But here's a dirty little secret that appears to have eluded Techdirt: virtually all litigation filed by businesses (whether individually or in concert) is in support of their "business models." Take a widget manufacturer, whose business model is to deliver widgets to its customers, and have its customers pay money in return. If a customer doesn't pay, the widget manufacturer will sue to recover -- all in support of -- gasp! -- its business model. And, yes, when copyright owners sue those who infringe (either directly or by assisting others in doing so), it is in support of a business model that says that when someone takes action that implicates one of the exclusive rights found in Section 106 of the Copyright Act, they must get a license.
So when the record labels sue those who infringe over peer-to-peer networks, they do it so that people will instead go to legitimate distributors like iTunes and Amazon.com (among many others). And when the studios send untold numbers of takedown notices to YouTube and Megavideo, they do in in part so that people will watch their works at legitimate sites like Hulu and NBC.com. Why else would copyright owners sue infringers and take other anti-piracy measures, if not to support their business models? They certainly don't do it for their amusement. (And yes, contra Techdirt, "educating the public" and "protecting artists' rights" through lawsuits are all in support of the business model that demands payment for exploitation of copyrighted works in ways that implicate Section 106. Copyright owners don't educate the public and protect artists' rights for their own amusement, either; they do it so they can make more money.)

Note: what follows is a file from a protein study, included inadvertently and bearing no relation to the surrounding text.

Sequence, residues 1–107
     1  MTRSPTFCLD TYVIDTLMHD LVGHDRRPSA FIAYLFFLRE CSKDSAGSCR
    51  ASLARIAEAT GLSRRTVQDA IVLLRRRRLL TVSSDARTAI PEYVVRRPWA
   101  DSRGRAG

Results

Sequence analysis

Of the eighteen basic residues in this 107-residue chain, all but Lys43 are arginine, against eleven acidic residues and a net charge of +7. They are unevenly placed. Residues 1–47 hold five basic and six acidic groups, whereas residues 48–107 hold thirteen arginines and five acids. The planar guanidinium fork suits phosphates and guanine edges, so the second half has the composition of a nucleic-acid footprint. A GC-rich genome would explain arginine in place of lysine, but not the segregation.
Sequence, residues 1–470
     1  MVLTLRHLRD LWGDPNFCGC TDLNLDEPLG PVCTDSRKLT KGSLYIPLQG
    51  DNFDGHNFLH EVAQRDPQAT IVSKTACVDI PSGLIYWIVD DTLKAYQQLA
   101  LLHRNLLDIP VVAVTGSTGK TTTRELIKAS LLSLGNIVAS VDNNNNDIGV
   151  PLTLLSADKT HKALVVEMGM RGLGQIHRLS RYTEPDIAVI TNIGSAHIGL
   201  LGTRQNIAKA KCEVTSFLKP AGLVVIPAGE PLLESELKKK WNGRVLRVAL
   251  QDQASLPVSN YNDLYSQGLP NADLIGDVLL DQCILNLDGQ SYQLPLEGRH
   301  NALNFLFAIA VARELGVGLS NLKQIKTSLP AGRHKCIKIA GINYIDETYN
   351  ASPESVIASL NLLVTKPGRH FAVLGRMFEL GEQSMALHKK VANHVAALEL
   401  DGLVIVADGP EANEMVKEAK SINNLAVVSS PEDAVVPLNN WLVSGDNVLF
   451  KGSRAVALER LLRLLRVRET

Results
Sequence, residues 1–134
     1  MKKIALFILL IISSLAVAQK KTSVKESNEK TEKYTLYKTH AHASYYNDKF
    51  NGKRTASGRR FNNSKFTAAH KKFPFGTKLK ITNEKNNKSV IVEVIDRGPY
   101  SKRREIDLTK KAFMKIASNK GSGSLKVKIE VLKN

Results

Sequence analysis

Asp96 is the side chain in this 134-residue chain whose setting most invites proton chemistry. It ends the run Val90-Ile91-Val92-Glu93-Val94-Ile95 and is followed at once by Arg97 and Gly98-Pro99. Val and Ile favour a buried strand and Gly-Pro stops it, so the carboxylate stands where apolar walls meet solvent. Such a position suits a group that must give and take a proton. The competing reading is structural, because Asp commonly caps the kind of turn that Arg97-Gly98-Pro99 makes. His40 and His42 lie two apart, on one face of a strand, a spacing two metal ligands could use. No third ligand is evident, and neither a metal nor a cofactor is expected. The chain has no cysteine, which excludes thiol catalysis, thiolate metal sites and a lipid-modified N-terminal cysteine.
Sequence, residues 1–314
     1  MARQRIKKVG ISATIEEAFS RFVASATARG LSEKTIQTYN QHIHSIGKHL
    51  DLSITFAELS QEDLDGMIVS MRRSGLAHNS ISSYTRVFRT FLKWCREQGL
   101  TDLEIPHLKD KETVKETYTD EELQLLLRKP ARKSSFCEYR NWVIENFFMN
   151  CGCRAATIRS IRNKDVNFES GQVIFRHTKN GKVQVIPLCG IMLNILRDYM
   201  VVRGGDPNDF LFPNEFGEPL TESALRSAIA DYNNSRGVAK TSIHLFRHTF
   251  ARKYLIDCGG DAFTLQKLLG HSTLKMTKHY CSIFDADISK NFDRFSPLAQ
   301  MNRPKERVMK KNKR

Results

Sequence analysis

So, yes, the RIAA's "legal maneuvering" in support of the labels' lawsuits against individual infringers has a lot to do with business models. And that's all perfectly appropriate, and perfectly legal. This is not news to anyone who knows the first thing about business litigation.